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Myelopthy and Seizure

Hello - I've just been diagnosed with Cervical Spondylotic Myelopathy confirmed through MRI, CT Scan and presence of Hoffmann's sign.

My symptoms began after a seizure in late 2004 (my first and only) while recovering from my second shunt revision within 1 year.  Symptoms at first were very gradual but now progressing.

Is there a possible cause/effect between the siezure and the myelopathy.  

Any feedback would be greatly appreciated!
3 Responses
292349 tn?1201478043
MEDICAL PROFESSIONAL
Hi SamScott,

It is unusual that seizure causes myelopathy.  Seizures typically originate from the brain.  Myelopathy is problem with your spinal cord.  In your case, it is the neck part of the spinal cord.  

Cervical spondylotic myelopathy is the most common cause of myelopathy (spinal cord dysfunction) in adults over 55 years, causing progressive disability and impairing quality of life.

Cervical spondylosis refers to a progressive degenerative process affecting the cervical vertebral bodies and intervertebral discs. This process can lead to narrowing of the central spinal canal, compressing the cervical spinal cord and producing a syndrome of spinal cord dysfunction known as cervical spondylotic myelopathy. Myelopathy occurs in 5 to 10 percent of patients with symptomatic cervical spondylosis. Other clinical syndromes associated with cervical spondylosis include neck pain and cervical radiculopathy.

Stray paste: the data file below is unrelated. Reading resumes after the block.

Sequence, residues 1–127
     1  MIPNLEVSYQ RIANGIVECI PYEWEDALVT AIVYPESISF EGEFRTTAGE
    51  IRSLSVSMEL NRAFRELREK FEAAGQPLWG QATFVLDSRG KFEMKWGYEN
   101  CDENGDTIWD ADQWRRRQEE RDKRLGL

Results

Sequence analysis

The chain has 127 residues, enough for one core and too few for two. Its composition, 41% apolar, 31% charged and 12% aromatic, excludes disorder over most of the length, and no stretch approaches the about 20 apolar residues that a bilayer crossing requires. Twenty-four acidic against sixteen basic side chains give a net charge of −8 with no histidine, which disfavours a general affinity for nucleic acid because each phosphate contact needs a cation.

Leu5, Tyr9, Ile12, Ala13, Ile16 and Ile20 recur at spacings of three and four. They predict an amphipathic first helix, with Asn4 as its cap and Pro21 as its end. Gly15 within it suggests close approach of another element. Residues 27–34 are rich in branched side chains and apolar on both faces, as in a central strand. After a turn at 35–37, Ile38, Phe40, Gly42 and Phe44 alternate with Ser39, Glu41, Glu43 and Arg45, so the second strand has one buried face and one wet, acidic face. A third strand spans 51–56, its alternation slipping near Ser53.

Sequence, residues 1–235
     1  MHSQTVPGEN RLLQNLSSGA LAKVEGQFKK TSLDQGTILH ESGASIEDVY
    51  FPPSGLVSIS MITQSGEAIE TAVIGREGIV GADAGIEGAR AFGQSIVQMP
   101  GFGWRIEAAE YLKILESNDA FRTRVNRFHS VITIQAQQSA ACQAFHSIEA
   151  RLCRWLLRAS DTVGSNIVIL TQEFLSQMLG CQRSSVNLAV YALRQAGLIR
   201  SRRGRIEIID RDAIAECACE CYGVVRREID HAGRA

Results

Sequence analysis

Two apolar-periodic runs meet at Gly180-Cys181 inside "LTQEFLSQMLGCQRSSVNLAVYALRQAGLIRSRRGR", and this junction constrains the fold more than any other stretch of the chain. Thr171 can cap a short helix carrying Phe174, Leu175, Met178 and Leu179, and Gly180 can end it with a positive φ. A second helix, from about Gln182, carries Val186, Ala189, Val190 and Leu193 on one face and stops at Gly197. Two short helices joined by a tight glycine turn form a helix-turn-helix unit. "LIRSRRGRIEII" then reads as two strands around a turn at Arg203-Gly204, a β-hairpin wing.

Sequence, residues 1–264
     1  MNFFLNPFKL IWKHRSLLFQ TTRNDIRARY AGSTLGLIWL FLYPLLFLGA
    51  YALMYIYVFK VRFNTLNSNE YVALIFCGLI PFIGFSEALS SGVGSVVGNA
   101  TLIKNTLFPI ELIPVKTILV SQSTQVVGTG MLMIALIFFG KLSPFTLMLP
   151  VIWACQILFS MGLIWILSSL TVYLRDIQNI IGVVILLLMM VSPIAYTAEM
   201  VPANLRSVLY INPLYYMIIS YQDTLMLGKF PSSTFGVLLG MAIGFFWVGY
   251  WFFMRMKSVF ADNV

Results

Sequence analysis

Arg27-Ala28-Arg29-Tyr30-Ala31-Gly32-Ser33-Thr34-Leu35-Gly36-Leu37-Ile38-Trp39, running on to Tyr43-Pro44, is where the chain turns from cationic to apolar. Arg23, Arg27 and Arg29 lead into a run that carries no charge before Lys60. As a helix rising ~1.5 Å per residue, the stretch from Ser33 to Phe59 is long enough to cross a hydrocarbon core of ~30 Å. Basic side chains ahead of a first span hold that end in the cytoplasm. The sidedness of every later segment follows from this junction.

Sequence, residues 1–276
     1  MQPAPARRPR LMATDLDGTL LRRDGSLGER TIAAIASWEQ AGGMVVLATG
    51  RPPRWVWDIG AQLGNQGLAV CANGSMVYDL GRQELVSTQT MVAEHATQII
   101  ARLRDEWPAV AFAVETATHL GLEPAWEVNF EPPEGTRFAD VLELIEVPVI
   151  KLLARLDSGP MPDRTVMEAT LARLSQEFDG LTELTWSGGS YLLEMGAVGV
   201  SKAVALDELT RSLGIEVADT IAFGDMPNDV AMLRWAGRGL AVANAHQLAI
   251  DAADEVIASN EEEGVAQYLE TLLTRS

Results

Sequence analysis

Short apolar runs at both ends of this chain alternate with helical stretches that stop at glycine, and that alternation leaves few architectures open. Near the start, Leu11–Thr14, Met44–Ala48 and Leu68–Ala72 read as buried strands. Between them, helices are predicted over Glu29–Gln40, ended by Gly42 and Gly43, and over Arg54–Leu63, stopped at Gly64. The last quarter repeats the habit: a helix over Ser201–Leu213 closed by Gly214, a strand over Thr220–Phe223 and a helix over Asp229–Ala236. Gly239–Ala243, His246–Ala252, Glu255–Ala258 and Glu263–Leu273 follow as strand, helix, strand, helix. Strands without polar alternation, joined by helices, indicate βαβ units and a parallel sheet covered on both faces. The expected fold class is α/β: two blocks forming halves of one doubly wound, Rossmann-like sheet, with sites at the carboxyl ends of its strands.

There is no specific stereotyped presentation of cervical spondylotic myelopathy. Usually symptoms begin with an insidious onset of gait disturbance. Other common symptoms include sensory loss, and weakness and muscle atrophy in the hands along with and neck and arm pain. The examination usually reveals other myelopathic features (such as your Hoffmann's sign).

The clinical course and prognosis of cervical spondylotic myelopathy is not well characterized. Patients can deteriorate progressively or in a step-wise fashion with long periods of stability. Some patients may deteriorate abruptly in association with a minor neck injury.

For patients with mild, nondebilitating myelopathy we suggest surgical consultation for those at risk of neurologic deterioration. Close neurologic follow-up should assess for deterioration when surgery is deferred. Conservative measures include intermittent neck immobilization, pain management, and restriction of high-risk or aggravating activities. For patients with more severe myelopathy or progressing deficits, we suggest surgical decompression.


I hope that's helpful.  Thanks for using MedHelp.

THIS INFORMATION IS PROVIDED FOR GENERAL MEDICAL EDUCATION PURPOSE ONLY.  PLEASE CONTACT YOUR PHYSICIAN FOR DIAGNOSTIC AND TREATMENT OPTIONS OF YOUR SPECIFIC MEDICAL CONDITIONS.
Avatar universal
Have you had your B12 levels checked? This is just one case in India, but you could do more research to see if this holds any water. In any case, it can't hurt to check your B12 levels. He is the article.

http://www.neurologyindia.com/article.asp?issn=0028-3886;year=2004;volume=52;issue=1;spage=122;epage=123;aulast=Kumar
Avatar universal
Thanks for the tip!
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